GST: The Good and The Scary (II)

It took us 16 years to pass the GST bill in the Parliament. These years have seen a copious amount of political debate, numerous committee reports, backtracking, stalling and convincing. The GST is undoubtedly one of the biggest, but also one of the most contentious reforms of our country. In the last post, I had discussed the various positive changes the reform can bring about; this post deals with the ‘scary’ part: the questions that remain and the possibilities of mishaps. Though, ‘scary’, and not certainly ‘bad’. The points below will move progressively from the neutral issues to the mildly contentious to finally the scariest issues:

This point makes it to this list, not because of its inherent implications, but keeping in mind how widely it is misunderstood as a benefit: the elimination of the cascading effect will not reduce the tax liability on a consumer.

A tax-payer only cares about the total amount of tax he is paying at the end of the day. Whether that tax constitutes a cascading burden is immaterial to him unless the absence of this burden will reduce the overall tax payable by him—which is not the case. A revenue neutral rate is one that generates the same amount of revenue for the government, before and after the reform. Therefore, the GST rate will be set such that, in effect, it taxes the consumer at least as much as the old system did with the cascading effect.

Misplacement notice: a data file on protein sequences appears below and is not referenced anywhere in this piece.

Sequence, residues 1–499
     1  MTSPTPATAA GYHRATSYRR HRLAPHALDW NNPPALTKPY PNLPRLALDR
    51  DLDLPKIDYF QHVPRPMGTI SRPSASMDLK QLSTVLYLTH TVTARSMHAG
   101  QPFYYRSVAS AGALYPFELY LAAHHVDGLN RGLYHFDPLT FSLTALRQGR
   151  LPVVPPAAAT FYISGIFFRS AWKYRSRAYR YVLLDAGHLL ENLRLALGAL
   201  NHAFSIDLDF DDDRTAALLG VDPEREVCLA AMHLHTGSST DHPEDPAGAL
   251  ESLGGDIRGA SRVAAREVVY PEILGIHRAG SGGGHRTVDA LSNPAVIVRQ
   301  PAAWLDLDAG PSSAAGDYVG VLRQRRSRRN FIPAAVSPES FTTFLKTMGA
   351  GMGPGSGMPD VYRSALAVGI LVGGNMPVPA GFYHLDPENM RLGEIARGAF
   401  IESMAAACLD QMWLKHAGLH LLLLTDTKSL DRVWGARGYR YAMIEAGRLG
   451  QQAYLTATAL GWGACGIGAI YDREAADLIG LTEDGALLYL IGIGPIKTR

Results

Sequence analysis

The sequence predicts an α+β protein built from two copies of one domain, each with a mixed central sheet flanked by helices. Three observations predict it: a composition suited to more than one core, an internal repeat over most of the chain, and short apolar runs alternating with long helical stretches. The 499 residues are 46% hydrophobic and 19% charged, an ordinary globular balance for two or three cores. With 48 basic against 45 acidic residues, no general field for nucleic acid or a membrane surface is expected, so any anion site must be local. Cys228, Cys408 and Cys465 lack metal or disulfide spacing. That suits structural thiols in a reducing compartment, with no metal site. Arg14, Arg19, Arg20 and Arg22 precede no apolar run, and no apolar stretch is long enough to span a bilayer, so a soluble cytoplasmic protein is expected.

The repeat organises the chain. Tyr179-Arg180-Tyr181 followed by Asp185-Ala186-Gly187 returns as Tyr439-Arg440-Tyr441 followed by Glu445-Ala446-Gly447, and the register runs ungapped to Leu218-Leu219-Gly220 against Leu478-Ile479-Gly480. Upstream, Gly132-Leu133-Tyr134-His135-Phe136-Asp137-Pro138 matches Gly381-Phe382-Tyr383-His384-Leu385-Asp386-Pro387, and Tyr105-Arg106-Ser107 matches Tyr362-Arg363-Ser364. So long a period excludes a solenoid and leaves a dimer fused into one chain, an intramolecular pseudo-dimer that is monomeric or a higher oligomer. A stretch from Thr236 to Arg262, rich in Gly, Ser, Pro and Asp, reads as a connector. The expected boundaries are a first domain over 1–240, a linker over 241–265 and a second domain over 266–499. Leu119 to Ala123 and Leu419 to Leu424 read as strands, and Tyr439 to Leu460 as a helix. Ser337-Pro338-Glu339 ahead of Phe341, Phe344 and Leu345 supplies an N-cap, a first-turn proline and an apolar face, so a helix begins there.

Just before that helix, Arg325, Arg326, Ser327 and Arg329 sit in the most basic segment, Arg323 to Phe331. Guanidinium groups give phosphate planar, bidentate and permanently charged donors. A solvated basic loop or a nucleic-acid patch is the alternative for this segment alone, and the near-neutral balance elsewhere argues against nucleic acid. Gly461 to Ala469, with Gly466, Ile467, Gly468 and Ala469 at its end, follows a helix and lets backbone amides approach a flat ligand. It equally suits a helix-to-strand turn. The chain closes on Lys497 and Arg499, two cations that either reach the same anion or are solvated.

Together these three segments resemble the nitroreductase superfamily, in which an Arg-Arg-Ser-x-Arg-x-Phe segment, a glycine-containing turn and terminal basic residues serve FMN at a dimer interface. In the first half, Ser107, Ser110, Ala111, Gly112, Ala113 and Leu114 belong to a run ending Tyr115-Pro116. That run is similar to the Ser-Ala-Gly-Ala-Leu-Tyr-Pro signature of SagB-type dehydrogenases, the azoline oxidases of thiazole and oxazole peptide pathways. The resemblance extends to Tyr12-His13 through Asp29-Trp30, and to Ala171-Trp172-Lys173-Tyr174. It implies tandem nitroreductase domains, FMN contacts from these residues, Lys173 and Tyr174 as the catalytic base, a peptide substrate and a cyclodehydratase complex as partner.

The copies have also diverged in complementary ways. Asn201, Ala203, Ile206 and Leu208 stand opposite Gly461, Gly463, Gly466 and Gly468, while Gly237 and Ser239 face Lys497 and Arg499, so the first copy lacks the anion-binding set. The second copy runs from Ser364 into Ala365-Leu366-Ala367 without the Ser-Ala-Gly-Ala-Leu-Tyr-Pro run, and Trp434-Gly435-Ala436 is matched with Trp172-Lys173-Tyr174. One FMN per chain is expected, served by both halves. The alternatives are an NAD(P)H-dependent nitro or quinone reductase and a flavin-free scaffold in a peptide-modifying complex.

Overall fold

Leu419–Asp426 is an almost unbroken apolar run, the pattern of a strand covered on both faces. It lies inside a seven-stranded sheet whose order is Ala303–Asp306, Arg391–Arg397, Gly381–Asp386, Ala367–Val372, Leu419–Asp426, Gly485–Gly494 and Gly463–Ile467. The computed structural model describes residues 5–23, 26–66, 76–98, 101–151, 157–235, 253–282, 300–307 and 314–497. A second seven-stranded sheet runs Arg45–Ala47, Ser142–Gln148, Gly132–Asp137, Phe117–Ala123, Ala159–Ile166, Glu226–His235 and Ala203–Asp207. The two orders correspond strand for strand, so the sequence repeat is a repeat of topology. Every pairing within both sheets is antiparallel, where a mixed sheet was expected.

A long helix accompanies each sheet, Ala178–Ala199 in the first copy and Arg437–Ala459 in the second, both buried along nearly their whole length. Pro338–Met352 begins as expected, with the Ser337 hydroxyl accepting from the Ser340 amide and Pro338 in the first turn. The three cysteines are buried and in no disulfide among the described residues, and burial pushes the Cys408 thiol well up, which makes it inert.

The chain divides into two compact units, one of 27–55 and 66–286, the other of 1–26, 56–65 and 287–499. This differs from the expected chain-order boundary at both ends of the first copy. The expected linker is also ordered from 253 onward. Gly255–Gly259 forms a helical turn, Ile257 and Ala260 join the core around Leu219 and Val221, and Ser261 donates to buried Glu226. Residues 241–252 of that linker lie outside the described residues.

To a large extent, whether the GST will lead to inflation depends on the GST rate that is set. In general, tax on goods will reduce and on services will rise. It is highly likely that the reduction in the former will not offset the steep rise in the latter, at least in the short term. Also, specific goods might become more expensive in different states depending upon how those goods were taxed in those states. But according to Urjit Patel, 55% of the CPI basket will not be impacted by GST and therefore there may only be a mild impact on inflation.

The GST system will change our taxation principle from ‘origin-based’ to ‘destination based’ (due to reasons that were discussed here). This change will lead to a shift in revenues from the production-heavy States to the consumption-heavy States. For instance, Delhi has a huge consumer base that imports goods from different States including Haryana, a State which generates a high volume of industrial output. With the GST, the Haryana government may lose a large portion of its revenues to Delhi.
It was for this reason that the AGST was proposed and the 5-year compensation plan has been put in place. But will this be enough to prevent any acrimony between States in the long run?

4) GST Council Governance
The GST Council will resolve any disputes arising among the States. Further, every State has an equal voting right within the State. While that might sound pleasingly democratic, as Ajit Ranade noted, “Is this fair? Large producing states like Maharashtra already fear losses in excess of Rs.14,000 crore in the first year itself. It is asking for larger reimbursement. Other voting states may “gang up” against Maharashtra and veto such a proposal. What if a larger state wants to impose a higher “sin tax” or give a bigger subsidy at the lower end of the GST slab since they can afford it? Will the current governance framework provide such a leeway?”

The big advantage that the GST confers in terms of uniformity in tax rates across States also poses some problems, or rather the lack of some of the advantages of a state-wise adjustable rate system. For instance: